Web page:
You can also provide your very own visitor ID if you want, but for most people and in most cases, this is not recommended. We’ll come back to that as well.
At this point, you can understand how “persistence” works for eVars, right? Whatever value is passed into the system, the back-end stores it according to the settings of the eVar. Over time, there will be a lot of data associated with any given visitor ID.
This is what we call the “Visitor Profile”.
Note that the Visitor Profile stores values on two levels, really: visitor level and visit level. The former persists forever (as long as your cookie lives), the latter expires when the visit does.
There are two built-in reports that illustrate this:
The “Referring Domains” & “Original Referring Domains” reports under “Traffic Sources” — while the former is stored for every visit, the latter is attached at the Visitor level, meaning as long as the system sees you as the same visitor, it’ll report your first ever referring domain.
As an example, say you found this blog via a link on Google but have since added it to your feed reader and usually come directly. Your Original Referring Domain would always be “google.com”, whereas your Referring Domain would have been “google.com” once and “Typed/Bookmarked” for all your visits since. Makes sense?
Going back to the processing steps, step 6 is where all this stored information about the visitor is applied. And what does “applied” mean, exactly?
Think about Success Events and let me explain using an example.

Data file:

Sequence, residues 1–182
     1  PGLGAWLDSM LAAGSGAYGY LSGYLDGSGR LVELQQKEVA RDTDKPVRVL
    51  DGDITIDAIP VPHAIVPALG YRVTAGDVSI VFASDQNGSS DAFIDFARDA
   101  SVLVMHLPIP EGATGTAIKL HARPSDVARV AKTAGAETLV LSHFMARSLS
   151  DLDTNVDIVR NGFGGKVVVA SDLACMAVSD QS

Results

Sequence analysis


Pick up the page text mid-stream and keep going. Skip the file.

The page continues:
Whenever something important happens on your site — say a visitor shared an article —, you send a corresponding Success Event — say
event15, called “Content Shares”.
You also try to encourage visitors to your site, say via social media. Your friendly marketer wants to know whether your posts actually bring people to the site and whether those people subsequently share content (VIRAL!!! Oops, sorry.).
Using the basic principle of Campaign tracking, you capture which post brought visitors to the site at the time when they land. You store that in the
s.campaign “variable” (or rather a plugin in s.doPlugins() does that automatically).
I said above that all values that you send into the system are stored in the Visitor Profile, and that obviously includes the tracking code you just sent into
s.campaign. So far so good.
Now when the visitor shares an article, the hit contains
event15, but not the tracking code, right? This is where step 6 comes in: when the system sees Success Events, it applies them against the values that are currently stored in the Visitor Profile for all eVars that are currently enabled. Because
s.campaign is an eVar, the tracking code you sent at the beginning of the visit now gets one point.
The resulting report looks something like this:I’m afraid the number are exaggerated, but you get the point.
In essence, the Visitor Profile is what makes props and eVars different. Values for eVars are stored in the Visitor Profile, values for props are not.
How long values for eVars are stored and what happens when you overwrite them is controlled by your friendly marketer via the management console in Adobe Analytics. We will explain those settings another day.